Mozilla Makes WebAssembly For The Rest Of Us
Written by Ian Elliot   
Monday, 16 April 2018

WebAssembly - it's the next big thing. Until now the problem has been that you had to be dedicated, to say the least, to get involved. Now Mozilla has a way that we can all try it out  with WebAssembly Studio. Is this really WebAssembly for the rest of us?




WebAssembly isn't a difficult idea to understand and if you program in C/C++ and know JavaScript you might think that you are well equipped to give it a go. However, if you visit you will discover that the instructions for getting started are long and complicated. Not impossible, but for example compiling the Emscripten compiler and getting everything set up would take a few hours, even if you had done it before.

If you just wanted to try out WebAssembly to see what the fuss was about then you probably didn't continue.

WebAssembly Studio from Mozilla is an online environment where you can try out WebAssembly without having to do anything other than navigate a browser to the site. There are still problems, but with a little help you should be able to get a program running in a reasonable amount of time.

WebAssembly Studio currently supports C/C++ and Rust and a host of tools for exploring WebAssembly. I only tried the C/C++ part of the system and this is what I'm going to concentrate on.

The biggest problem is that WebAssembly Studio isn't using Emscripten and so you don't get any implementation for the low-level Linux calls used in the libararies. This means that simply taking an existing program and running it isn't likely to happen. This isn't a huge problem, but it is made worse by the one example given of a Hello World program in C using printf.

The problem is that, while you can import printf from the standard library and it will compile, there are no Linux system calls within a browser. To get around this problem you have to implement the calls in JavaScript and connect them to your C program. Again not impossible, but not really the place to start. 




When you get to WebAssembly Studio don't open the Hello World in C but instead create an Empty C Project. This isn't as empty as you might think! The generated C code is:

#define WASM_EXPORT __attribute__((visibility("default")))
int main() {
return 42;

The function returns 42 and this can be used in a JavaScript program.

The generated JavaScript looks complicated, but most of it is just boiler plate code to load the WASM:

 .then(response =>response.arrayBuffer())
 .then(bytes => WebAssembly.instantiate(bytes))
 .then(results => {
instance = results.instance;
            .innerText = instance.exports.main();


You can see what happens, first the wasm file is loaded and an instance created. Finally the exported main function is called and its return value stored in the HTML.


If you run the program you will see 42 in the frame in the bottom right:



You can, of course do any calculation within the exported function and return the result for the JavaScript to use.

You can go the other way and have C call a JavaScript function.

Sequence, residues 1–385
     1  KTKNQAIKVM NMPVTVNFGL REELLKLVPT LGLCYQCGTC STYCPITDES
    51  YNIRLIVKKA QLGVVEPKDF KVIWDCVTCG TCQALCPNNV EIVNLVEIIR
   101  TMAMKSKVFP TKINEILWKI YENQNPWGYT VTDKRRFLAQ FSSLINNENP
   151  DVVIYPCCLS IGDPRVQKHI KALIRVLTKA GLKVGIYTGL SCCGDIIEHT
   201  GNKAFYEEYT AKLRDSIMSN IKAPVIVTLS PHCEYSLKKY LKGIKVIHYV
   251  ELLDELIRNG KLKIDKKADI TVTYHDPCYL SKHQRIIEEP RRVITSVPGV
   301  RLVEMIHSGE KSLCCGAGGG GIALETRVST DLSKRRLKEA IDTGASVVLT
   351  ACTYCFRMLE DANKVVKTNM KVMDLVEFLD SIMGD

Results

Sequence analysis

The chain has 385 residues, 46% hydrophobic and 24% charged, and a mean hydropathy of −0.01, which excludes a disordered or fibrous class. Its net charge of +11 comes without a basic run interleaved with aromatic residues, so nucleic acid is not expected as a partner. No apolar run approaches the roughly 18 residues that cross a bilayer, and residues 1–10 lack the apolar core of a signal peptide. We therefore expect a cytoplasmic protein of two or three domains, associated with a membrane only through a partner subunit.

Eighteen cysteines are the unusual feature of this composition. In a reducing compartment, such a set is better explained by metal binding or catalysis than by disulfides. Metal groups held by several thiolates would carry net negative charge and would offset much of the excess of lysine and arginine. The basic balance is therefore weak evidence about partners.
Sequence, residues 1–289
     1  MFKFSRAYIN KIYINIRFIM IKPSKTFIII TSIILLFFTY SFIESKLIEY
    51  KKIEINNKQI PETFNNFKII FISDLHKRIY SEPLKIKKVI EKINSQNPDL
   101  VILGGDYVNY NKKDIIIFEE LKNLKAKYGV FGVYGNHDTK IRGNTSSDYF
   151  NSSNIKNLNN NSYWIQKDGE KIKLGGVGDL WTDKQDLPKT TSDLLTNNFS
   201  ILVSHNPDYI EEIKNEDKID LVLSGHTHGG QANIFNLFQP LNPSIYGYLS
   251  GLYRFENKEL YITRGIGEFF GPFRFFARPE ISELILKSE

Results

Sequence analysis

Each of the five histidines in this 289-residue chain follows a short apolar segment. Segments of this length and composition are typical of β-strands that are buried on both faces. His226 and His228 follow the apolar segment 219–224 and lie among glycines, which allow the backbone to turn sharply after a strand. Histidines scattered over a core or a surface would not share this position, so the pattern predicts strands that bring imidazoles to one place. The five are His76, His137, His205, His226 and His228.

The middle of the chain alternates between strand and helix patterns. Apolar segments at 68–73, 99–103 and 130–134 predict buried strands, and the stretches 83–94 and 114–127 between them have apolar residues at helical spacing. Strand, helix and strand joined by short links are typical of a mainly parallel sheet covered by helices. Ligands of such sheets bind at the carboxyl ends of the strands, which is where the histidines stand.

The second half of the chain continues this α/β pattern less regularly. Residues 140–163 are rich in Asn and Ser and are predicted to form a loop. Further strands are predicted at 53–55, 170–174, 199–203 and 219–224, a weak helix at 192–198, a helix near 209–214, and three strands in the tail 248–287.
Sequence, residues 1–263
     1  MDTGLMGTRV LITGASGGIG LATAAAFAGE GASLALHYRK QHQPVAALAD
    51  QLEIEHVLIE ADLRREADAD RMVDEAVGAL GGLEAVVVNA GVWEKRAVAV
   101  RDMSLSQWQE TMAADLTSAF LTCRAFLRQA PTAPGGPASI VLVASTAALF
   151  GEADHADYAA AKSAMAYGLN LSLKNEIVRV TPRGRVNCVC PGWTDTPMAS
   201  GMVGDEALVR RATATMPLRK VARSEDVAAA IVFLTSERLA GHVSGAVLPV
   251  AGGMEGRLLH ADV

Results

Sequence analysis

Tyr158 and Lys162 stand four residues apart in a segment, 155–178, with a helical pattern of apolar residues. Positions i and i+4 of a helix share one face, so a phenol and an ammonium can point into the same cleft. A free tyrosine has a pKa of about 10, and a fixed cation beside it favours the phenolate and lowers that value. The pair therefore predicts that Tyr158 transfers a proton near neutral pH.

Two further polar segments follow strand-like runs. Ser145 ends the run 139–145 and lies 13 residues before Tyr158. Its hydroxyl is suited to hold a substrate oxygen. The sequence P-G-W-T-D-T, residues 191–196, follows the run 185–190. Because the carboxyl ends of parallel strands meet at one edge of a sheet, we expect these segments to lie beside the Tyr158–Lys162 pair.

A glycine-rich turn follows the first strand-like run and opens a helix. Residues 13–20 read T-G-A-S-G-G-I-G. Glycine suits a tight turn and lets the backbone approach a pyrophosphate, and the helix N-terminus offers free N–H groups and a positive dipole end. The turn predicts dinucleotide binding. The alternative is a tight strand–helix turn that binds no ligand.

Change the JavaScript to:

let s="";
 .then(response => response.arrayBuffer())
 .then(bytes => WebAssembly.instantiate(bytes,
      { env: {
              putc_js: function (c) {
     c = String.fromCharCode(c);     
                    if (c == "\n") {
                     s = "";    
                    } else {
                     s += c;


  .then(results => {
           instance = results.instance;
               .innerText = instance.exports.main();


This is very similar to the the previous example, but now we have created a function putc_js and passed it to the instance of the WebAssembly object. You can see that putc_js is a version of the C putc function with "prints" a single character to the console.

The C program can simply make use of the JavaScript function passed to it:

#define WASM_EXPORT __attribute__((visibility("default")))

extern void putc_js(char c);
int main() {
return 42;

If you now run the program you will see "hello" printed on the console - adding "world" is left as an exercise for the reader.

You may be wondering why I chose to write putc rather than a more useful function that would print a string on the brower's console rather than a single character?  The answer is that if you want to create a traditional C hello world using printf, i.e.

#include <stdio.h>
#include <sys/uio.h>
#define WASM_EXPORT __attribute__((visibility("default")))
int main() {
printf("Hello World\n");

then you can get the code needed for printf from the include, but the program makes use of Linux system calls which you have to provide implementations of if the program is going to run. You can see the details in the readme for the Hello World example. 

So is this really WebAssembly tamed?

Not really.

It is a step in the right direction, but we need better documentation - well any documentation would be nice - and we need better support for Linux system calls.

There is still a lot of work to do, but you can use WebAssembly Studio to write simple C programs that do useful work. What is more difficult is to take an existing program and convert it to WebAssembly.

You can see more about WebAssembly Studio, and in particular the problem of Linux syscalls, in the following video:


Thanks for WebAssembly Studio, but things have got to get better than this to make it possible to convert our existing C/C++ programs to run in the browser.


More Information


Sneak Peek at WebAssembly Studio

Related Articles

WebAssembly Explorer - A Learning Tool

WebAssembly Is Ready For Use

WebAssemby Another Milestone 

WebAssembly Takes A Big Step Towards Being Real 

Progress On WebAssembly 

WebAssembly Has Mozilla, Microsoft,Apple and Google Backing It 

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Last Updated ( Saturday, 14 April 2018 )